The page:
Warm wishes,
Lynn Serafinn
15 Aug 2016

Like this blog?

Then please subscribe using the form at the upper right side of this page, so you can receive our articles to your inbox.

Looking for a Tribe?

Come join our 7 Graces group on Facebook. This is NOT a “business group” but an active community where people actually know and support each other.

Find out more about how changing the paradigm can help make the world a better place:

The 7 Graces of Marketing BOOK COVER The 7 Graces of Marketing: how to heal humanity and the planet by changing the way we sell, by Lynn Serafinn, where you can learn how the 7 Deadly Sins and the 7 Graces impact the world through media and marketing. Brit Writers Awards Finalist eLit Book Awards Silver Medal in Humanitarian & Ecological Social Issues


Tweep-e-licious: 158 Twitter Tips & Strategies for Writers, Social Entrepreneurs & Changemakers Who Want to Market Their Business Ethically by Lynn Serafinn, which can help you learn how to create meaningful collaborations through Twitter and other social media. eLit Book Awards Bronze Medal in Business and Sales.

Get instant access to a free 90-minute Twitter marketing class at

The Social Entrepreneur's Guide to Successful BloggingComing in 2016

The Social Entrepreneur’s Guide to Successful Blogging: An Effective, Creative & Ethical Way of Marketing for Visionaries & New Paradigm Business Leaders. To receive an update when that book is available, just click here. As a thank-you gift for showing your interest, you’ll get instant access to an exclusive, free 5-page PDF revealing the exact same blogging template we use with our clients and we teach to participants on the ethical marketing training courses at the 7 Graces Project.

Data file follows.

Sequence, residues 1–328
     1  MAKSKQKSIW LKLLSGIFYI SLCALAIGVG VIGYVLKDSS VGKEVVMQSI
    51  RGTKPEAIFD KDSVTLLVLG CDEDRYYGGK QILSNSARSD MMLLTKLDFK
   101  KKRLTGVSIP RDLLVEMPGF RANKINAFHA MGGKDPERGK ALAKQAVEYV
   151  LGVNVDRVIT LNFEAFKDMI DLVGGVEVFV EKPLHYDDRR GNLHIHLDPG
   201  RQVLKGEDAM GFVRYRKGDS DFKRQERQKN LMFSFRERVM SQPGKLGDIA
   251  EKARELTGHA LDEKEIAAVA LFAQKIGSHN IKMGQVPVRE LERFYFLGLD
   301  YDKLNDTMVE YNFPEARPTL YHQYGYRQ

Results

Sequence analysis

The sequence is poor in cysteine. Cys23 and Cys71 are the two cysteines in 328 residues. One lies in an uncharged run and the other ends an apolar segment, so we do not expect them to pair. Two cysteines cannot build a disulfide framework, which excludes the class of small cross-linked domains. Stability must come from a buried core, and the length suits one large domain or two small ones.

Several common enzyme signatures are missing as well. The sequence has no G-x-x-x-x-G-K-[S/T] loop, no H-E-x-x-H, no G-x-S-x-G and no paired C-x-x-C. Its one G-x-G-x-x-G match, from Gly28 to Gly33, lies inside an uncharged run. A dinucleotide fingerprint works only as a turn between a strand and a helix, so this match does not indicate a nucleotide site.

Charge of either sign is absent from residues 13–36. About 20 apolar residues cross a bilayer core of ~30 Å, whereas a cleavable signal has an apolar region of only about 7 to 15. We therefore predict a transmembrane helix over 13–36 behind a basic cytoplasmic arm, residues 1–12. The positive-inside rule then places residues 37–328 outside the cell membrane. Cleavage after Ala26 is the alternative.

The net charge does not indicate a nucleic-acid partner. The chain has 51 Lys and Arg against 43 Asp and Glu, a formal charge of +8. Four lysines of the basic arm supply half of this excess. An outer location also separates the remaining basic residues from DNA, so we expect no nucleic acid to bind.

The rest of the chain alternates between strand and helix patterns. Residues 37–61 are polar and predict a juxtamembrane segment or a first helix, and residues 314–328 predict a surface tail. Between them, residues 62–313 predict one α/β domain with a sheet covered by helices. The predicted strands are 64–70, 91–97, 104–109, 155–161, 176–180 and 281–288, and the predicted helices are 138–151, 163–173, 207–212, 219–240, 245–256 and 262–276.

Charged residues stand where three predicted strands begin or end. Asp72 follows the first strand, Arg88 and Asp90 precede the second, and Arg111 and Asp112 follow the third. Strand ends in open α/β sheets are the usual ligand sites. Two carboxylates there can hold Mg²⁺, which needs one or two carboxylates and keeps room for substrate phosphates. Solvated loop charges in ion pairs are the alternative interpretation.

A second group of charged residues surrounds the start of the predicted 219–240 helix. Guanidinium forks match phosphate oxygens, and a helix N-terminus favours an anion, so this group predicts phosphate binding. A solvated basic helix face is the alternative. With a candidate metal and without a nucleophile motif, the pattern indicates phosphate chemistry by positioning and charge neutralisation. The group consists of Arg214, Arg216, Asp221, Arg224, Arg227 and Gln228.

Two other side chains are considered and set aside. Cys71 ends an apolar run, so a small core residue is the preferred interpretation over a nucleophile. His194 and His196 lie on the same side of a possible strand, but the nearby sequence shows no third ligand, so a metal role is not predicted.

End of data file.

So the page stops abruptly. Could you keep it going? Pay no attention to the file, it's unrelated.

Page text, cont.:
Lynn Serafinn, MAED, CPCCLYNN SERAFINN, MAED, CPCC is a certified, award-winning coach, teacher, marketing strategist, social media expert, speaker and author of the number one bestseller The 7 Graces of Marketing — How to Heal Humanity and the Planet by Changing the Way We Sell and Tweep-e-licious! 158 Twitter Tips & Strategies for Writers, Social Entrepreneurs & Changemakers Who Want to Market their Business Ethically. She is listed in the Top 20 of the Top Marketing Authors on Twitter by Social Media Magazine and was a finalist for the prestigious Brit Writers Awards. She also received the eLit Book Awards Silver Medal in Humanitarian and Ecological Social Affairs, as well as the Bronze Medal in Business and Sales. Lynn’s eclectic approach to marketing incorporates her vast professional experience in the music industry and the educational sector along with more than two decades of study and practice of the spirituality of India. Her innovative marketing campaigns have produced a long list of bestselling non-fiction authors through her company Spirit Authors.

Lynn is also the Founder of the 7 Graces Project, an independent marketing consultancy created to support, mentor and inspire independent business owners to market their businesses ethically, serve society and planet, and restore all that is best about humanity.

7 Graces Project CIC7 Graces on Twitter:

Lynn on Twitter:

7 Graces Group on Facebook:










This entry was posted in 7 Deadly Sins, Blog, Deception, Lynn Serafinn, New Paradigm, Relationship with Marketing, Scarcity, Social Enterprise and tagged , , , , , , , , . Bookmark the permalink.

One Response to Do We REALLY Still Need to Talk About Ethical Marketing?

  1. Lynn, you make a number of important points here – not the least of which is the fact that
    there are always new ethical/social entrepreneurs who may not have heard about ethical marketing. The rise of conscious consumerism also drives the need for increasingly
    interactive and transparent communications – a new standard of authenticity.

    Consumers are becoming more sophisticated all the time, and their standards for the
    ethical conduct of companies are getting higher. It’s no longer enough for consumers to
    believe that a product will make their own lives easier. Consumers now want to know how
    their purchases will make the lives of others better. They want to be able to trust that
    companies are holding themselves to higher ethical standards, and that their marketing is
    not just empty promises.

    I believe that increasing consumer awareness will stimulate even more conversations
    about ethical marketing in the future.

Comments are closed.